I’m a great fan of Bim Deitrich’s Primo (445 E. Market St., 583-1808), and will often schedule a business lunch there because the food is good, the mood is relaxing and I can generally dine without worrying that the proprietor, who’s been around the block enough times to have pretty much seen everything, is going to run around fretting about whether I’ve sneaked in to do a semi-anonymous review.
I’ve pretty much sampled everything on the menu by this point, but for lunch the other day I landed on a winning number that I can’t believe I hadn’t tried before. The Insalata di Mare (“seafood salad,” $13) is a remarkable assemblage designed to make the heart of a shellfish lover like me go pitty-pat.
It’s an artful, compact mound of mixed shellfish — tiny, sweet bits of scallop, earthy brown mussels, thin slices of oxymoronic jumbo shrimp and lots of chewy chunks of squid (including, for the wary, quite a few tentacly bits), neatly formed from a turban-shaped mold and served with a tart lemon vinaigrette and a piquant dose of black pepper over a small ration of salad greens. Rabbit-food lovers might complain that the greens-to-seafood ratio is high, but I’m fine with that.
Meanwhile, Primo has just unveiled its seasonal menus for autumn, featuring too many goodies to enumerate in this limited space. I see a bunch of items that I need to try, ranging from Penne Integrale alla Contadina ($18, whole-wheat short pasta with broccoli rabe, roasted garlic, purple radicchio lettuce and tomatoes) and Pappardelle alla Piemontese ($21, a Northwestern Italian-style dish of wide ribbon pasta with braised lamb ragu and Kentucky Sheltowee Farms Wild Mushrooms) to Pollo al Forno ($23, a crispy free-range chicken with balsamic butter sauce, pancetta and a wild mushroom bread pudding) and Braciola di Maiale ($26, a grilled pork chop topped with foie gras butter and fig demiglace and accompanied by an Indiana Capriole goat cheese potato gratin). There’s more, much more. I’m looking in my foodie’s crystal ball, and I see myself dining at Primo soon.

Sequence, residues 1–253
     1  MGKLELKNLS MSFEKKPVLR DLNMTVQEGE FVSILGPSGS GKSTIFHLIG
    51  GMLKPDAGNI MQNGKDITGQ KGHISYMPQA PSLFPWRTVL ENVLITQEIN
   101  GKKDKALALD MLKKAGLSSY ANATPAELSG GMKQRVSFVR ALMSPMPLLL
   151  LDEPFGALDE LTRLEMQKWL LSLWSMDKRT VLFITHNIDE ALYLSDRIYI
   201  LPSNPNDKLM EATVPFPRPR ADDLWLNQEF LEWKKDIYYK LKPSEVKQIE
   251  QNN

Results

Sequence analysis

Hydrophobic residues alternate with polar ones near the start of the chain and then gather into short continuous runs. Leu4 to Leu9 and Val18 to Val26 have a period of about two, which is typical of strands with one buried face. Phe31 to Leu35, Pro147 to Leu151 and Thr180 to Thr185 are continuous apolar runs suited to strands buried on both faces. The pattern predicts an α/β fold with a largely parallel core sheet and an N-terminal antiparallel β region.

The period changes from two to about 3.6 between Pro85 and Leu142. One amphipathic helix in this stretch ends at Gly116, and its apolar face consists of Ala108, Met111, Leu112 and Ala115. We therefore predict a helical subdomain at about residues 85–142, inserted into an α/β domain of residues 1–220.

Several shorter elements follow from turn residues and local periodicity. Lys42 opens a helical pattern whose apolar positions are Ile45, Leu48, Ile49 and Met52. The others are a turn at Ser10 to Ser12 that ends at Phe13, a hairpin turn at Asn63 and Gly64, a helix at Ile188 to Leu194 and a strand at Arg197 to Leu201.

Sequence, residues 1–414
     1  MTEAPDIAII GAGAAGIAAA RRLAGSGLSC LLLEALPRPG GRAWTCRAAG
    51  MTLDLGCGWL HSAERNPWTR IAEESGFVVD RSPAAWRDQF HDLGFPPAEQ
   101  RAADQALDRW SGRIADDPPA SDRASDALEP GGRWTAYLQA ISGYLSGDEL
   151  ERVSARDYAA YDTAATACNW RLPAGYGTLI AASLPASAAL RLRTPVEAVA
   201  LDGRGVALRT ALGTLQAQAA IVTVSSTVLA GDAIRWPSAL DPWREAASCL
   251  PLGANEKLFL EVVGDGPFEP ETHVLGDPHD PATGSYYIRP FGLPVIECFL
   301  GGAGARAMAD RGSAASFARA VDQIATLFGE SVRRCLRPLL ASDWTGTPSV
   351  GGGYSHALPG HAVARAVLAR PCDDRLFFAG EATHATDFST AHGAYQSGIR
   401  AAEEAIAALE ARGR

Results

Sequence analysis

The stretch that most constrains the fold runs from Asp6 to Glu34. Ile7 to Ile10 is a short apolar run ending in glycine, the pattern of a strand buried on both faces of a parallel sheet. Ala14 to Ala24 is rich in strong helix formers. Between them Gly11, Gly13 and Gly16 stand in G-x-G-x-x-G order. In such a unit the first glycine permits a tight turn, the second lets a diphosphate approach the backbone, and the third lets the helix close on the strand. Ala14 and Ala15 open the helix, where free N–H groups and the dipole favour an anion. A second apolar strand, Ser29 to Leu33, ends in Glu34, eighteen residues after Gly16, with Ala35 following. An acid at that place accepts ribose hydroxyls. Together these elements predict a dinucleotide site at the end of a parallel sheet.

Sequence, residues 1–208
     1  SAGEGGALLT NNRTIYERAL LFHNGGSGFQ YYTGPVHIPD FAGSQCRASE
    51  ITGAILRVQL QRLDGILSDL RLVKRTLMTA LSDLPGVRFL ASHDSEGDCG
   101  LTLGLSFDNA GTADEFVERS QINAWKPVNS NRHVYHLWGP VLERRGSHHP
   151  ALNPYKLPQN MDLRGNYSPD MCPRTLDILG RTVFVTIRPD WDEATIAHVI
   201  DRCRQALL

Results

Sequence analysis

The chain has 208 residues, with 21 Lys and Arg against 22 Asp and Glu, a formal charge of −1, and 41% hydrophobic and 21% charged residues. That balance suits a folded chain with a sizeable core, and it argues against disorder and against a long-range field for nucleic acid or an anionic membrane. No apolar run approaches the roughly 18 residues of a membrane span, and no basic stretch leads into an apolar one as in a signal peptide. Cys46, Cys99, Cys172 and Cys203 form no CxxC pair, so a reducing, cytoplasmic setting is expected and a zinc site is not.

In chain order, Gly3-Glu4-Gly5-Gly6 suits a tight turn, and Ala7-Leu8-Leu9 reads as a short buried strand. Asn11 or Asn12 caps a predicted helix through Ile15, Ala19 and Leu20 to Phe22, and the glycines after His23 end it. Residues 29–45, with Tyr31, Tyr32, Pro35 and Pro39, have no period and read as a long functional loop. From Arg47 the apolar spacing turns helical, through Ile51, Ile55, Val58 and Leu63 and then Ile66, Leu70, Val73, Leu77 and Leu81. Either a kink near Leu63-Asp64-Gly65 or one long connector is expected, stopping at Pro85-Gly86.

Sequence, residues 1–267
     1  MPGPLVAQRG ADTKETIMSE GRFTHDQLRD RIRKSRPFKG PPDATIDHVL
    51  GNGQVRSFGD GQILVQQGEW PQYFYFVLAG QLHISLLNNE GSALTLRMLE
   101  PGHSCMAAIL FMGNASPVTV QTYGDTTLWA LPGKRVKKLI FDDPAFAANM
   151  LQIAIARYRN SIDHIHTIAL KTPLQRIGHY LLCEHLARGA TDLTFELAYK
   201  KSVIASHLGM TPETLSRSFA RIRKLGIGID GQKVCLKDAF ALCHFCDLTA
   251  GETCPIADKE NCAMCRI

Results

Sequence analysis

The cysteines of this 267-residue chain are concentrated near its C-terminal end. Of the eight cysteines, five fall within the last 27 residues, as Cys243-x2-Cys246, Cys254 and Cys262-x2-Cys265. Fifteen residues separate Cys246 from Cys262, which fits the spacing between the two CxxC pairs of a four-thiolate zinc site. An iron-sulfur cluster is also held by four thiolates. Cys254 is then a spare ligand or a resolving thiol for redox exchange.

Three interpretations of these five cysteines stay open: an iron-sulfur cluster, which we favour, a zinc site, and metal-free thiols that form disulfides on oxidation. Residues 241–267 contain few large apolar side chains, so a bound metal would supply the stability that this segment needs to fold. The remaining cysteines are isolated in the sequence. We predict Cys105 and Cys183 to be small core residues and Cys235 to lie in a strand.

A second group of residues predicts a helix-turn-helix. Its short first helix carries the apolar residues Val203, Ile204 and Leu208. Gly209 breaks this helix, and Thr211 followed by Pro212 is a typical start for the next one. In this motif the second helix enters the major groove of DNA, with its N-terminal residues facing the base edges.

Every now and then, the good folks at Brown-Forman’s Woodford Reserve offer special bourbon bottlings in their high-end “Master’s Collection” series. One of these items — called “Four Grain” because it adds wheat to the usual bourbon recipe of corn, rye and barley — sold out its limited supply in just a few days last year. Four Grain, a 92.4-proof spirit “triple-distilled” in Woodford Reserve’s copper-pot stills, sells for $80-$90 per bottle at retail, and last year’s collectibles have been going for $140 on eBay, Brown-Forman publicists say.
Get ready, collectors! This week, Brown-Forman is rolling out another batch of Four Grain, and chances are it will sell just about as fast. The 2005 batch was sold only in Kentucky, while this year’s 750-case allocation goes to major metro markets in 16 states.
We acquired a small sample for preview, and I’m here to tell you that it’s a quality sippin’ bourbon indeed, smooth as silk, redolent of caramel and butterscotch and maybe a whiff of maple syrup.
It goes on sale this week. If you’re in the market, we suggest you line up early.
Speaking of Woodford Reserve, there’s no better time to visit the picturesque distillery than an October weekend, when you can enjoy a leaf-peeping tour through the Bluegrass and end up at Woodford Reserve just in time for brunch at its Dryer House Conference Center. Woodford’s Chef-in-Residence David Larson puts together a fine Fall Harvest Brunch buffet based on the local harvest. Brunch is served Saturdays and Sundays, Oct. 7-Oct. 29, from 11 a.m.-2:30 p.m. at the distillery, 7855 McCracken Pike, just off I-64 and U.S. 60 near Versailles, Ky. The toll is $21.95 per person; you can make reservations at www.woodfordreserve.com/reservation or (859) 879-1953.
Wine vs. breast cancer
Speaking of Brown-Forman, its Five Rivers Winery marks National Breast Cancer Awareness Month in October with a reprise of the Save A Local Goddess campaign that it rolled out in Kentucky last year to raise $10,000 for the Kentucky Breast Cancer Alliance. For every bottle of Five Rivers wine sold in Kentucky this month, Brown-Forman and wine distributor Republic Beverage Company will donate $1 to the Markey Cancer Center in Lexington. They’re taking the program national this year, with a separate breast cancer-related beneficiary in every state.
Can you taste the innovation?
The IdeaFestival is coming up next week, and there’s a place in it for foodies with big ideas. A program called “Taste of Innovation: Taste Changers Who’ll Feed Your Mind,” will feature top local chefs, products and artisans in what organizers call “an energy-packed café” on Thursday, Oct. 12, from 4:30-7 p.m., in the Second Floor Exhibit Hall at the Galt House East. Chefs Peng Looi of Asiatique, Gerard Hampton of Buck’s, Brian Riddle of The Flagship, Jim Gerhardt of Limestone, Anthony Lamas of Seviche and Edward Lee of 610 Magnolia will “collaborate to produce food fusions across their different skills and techniques” in a program that sounds sort of like “Iron Chef” but without the competition. Admission is $10 ($5 for students), and tickets are available at the door, from the IdeaFestival Web site, www.ideafestival.com, or by calling (800) 743-3100.
Contact Robin Garr at [email protected]